Crews warn of 'Golden Hour' on Virginia rivers, lakes: 'Someone can get pushed down'

'They can get into a situation that they can’t get out of. And then we have to respond to a tragedy rather than everyone going home safe.'
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Posted at 12:24 PM, May 24, 2024

CHESTERFIELD COUNTY, Va. -- Chesterfield Fire and EMS's Scuba Rescue members are ready for action, expecting to see a steady increase in calls for service as the summer months approach.

Team member Jake Crockett told CBS 6 that no matter how fast they leave for a call, the clock is ticking when someone's survival is on the line.

"We typically have one hour, we call it 'Golden Hour,' when we can effectively perform a rescue if we're able to get to the person, and they do have a chance at being resuscitated," Crockett said. "But after that Golden Hour, we switch to recovery mode because the chance of them living, it drastically decreases, so everything kind of slows down and we switch over to a recovery focus."

Jake Crockett with Chesterfield Fire and EMS Scuba Rescue
Jake Crockett with Chesterfield Fire and EMS Scuba Rescue

Crockett said hotspots include the James River and Appomattox River, as well as Lake Chesdin and the Swift Water Creek Reservoir, places that often take more time and resources to travel to when responding to calls.

"We only have an hour, and you know, if we run a call on the James, on the upper James River, from here, by the time that we get that call, get units hooked up, get there and get in the water, it's probably already been 45 or 50 minutes," Crockett said. "Unless somebody is on scene that is part of the dive team, that Golden Hour go by so quickly, that we rarely ever get a true rescue attempt at somebody. We're almost always showing up and operating in recovery."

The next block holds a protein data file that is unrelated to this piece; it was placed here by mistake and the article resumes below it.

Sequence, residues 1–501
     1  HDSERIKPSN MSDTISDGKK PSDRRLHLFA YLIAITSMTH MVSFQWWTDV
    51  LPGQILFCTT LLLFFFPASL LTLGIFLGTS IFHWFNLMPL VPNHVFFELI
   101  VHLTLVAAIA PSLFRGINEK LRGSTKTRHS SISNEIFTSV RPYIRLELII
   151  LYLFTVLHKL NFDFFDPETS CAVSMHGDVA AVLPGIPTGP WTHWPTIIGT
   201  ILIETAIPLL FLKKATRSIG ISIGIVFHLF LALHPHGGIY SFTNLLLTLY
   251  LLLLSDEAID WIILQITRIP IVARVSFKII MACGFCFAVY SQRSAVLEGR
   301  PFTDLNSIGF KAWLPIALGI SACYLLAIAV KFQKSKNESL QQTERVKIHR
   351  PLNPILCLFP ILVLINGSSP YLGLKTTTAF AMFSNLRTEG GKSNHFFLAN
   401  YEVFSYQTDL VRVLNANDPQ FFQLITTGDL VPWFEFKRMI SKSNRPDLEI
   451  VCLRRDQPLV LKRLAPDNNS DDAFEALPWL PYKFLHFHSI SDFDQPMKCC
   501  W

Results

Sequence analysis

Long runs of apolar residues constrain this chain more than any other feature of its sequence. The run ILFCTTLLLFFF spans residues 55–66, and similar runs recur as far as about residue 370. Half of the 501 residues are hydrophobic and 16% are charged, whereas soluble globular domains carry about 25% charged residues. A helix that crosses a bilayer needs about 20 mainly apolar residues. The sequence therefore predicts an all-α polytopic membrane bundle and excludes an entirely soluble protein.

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Between May 1, 2023, and now, Chesterfield Fire and EMS responded to 38 total water rescue incidents, 23 of which were at the James River. Chesterfield reported 10 total drownings, half of which were at the James River.

Crockett said almost every water rescue can be prevented. He's encouraging individuals to wear a life jacket, and not operate a boat under the influence of alcohol or drugs.

When asked if people are heeding that advice, Crockett's said this: "Not particularly. People are out trying to have a good time, and we support everyone getting out, enjoying time with friends and family, but people get comfortable with the situation. They know that they’re experienced on a boat so they don’t wear a life jacket anymore, or they’ve been to this part of the river so many times that they know everything about it, they don’t wear a life jacket and there’s also drinking going on the boat, and all those things add another level of risk."

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Add in ever-changing currents and what's unknown below the surface, Crockett is urging everyone to play it safe.

"Most of our calls happen in water that you can't see an arm-length away in," Crockett said. "Depending on how fast the current is, someone can get pushed down into those underwater obstructions, then those allow water to get through, but not necessarily a person, and so jumping in, not familiar where they’re at, they can get into a situation that they can’t get out of, and then we have to respond to a tragedy, rather than everyone going home safe."

According to Virginia law, it is illegal to operate a boat under the influence of alcohol. It's also illegal to not have U.S. Coast Guard-approved life jackets for everyone on board.

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